5. Pull the main bed needles left of 0 to UWP. Remember that these needles still contain the wraps and may be harder to knit. Pulling these needles back to UWP with the stitches behind the latches will help the stitches knit cleanly.
  9. For flat socks without ribber:
    1. Push the held needles on the left to UWP.
    2. Knit 1 row right to left.

One wedge is complete. Your carriage is on the left where it’s ready to knit another wedge or resume circular knitting.

Usually, you’ll want to knit 3 wedges for a nice round heel. You may find you need more or less to achieve a good fit. You can add or remove a 1/2 wedge by leaving more needles in WP.

You may find that the wedges create a slightly snugger heel. This may make the ankle stitches pull. To make the sock a little looser around the ankle, increase the number of stitches every 2 to 4 rows leading up to the heel and decrease back to the original number of stitches after you complete the heel.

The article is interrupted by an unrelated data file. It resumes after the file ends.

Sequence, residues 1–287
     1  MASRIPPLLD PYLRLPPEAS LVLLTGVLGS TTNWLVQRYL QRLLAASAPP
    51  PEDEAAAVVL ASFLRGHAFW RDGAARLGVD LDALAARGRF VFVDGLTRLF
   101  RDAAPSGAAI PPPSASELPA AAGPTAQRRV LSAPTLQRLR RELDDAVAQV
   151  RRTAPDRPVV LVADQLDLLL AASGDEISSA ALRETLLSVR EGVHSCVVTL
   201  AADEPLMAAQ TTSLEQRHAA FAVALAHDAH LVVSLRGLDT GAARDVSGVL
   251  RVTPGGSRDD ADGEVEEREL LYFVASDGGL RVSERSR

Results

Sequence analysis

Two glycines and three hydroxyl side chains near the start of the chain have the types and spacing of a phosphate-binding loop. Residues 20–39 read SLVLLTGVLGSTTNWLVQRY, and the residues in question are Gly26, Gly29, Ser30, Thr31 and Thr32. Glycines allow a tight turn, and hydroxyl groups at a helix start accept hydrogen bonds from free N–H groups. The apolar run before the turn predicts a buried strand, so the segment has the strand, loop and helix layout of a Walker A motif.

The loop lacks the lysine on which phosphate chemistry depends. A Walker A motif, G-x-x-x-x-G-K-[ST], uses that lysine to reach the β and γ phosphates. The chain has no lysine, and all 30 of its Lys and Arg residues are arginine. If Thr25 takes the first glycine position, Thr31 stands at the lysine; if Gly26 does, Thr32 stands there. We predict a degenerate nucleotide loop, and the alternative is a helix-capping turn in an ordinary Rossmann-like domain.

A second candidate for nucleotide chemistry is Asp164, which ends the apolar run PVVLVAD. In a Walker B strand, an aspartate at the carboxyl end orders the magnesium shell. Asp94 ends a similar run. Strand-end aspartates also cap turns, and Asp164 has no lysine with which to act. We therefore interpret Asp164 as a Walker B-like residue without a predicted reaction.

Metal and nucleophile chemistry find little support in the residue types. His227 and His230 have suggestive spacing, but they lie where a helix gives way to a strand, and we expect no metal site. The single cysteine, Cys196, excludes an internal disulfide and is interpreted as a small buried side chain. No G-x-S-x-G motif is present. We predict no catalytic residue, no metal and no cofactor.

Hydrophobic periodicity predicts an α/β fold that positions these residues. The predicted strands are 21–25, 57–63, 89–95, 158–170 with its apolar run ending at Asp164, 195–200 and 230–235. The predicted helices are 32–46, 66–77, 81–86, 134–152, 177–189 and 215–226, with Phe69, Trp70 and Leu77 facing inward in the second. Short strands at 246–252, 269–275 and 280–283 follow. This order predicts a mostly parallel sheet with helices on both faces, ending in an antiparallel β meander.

Dec 242014

I’ll take one of these over a Bloody Mary any day of the year.

The Vodka

1 liter good vodka
2 cups grated horseradish
1/2 cup black peppercorns

Pour the vodka in a large jug, add the horseradish and peppercorns and shake it up. Let it sit for 10-12 hours, but give it a shake every couple of hours. When it’s done, strain it through a coffee filter and pour it back in the bottle. Don’t worry about the color… that just means it’s absorbed all that horseradish and pepper.

The Mixer

48 ounce bottle of tomato juice
3 8 ounce bottles of clam juice
1 tablespoon Montreal Steak seasoning
1/4 cup lime juice
1 teaspoon prepared horseradish

Pour it all in a jug and shake it. Refrigerate for several hours until it’s good and cold.

The Drink

Fill a glass with ice. Give the mixer a good shake. Add the spicy vodka and mixer to the glass according to your tastes — 1 part vodka to 3 parts mixer works well. Stir and garnish with a celery stick or wedge of lime.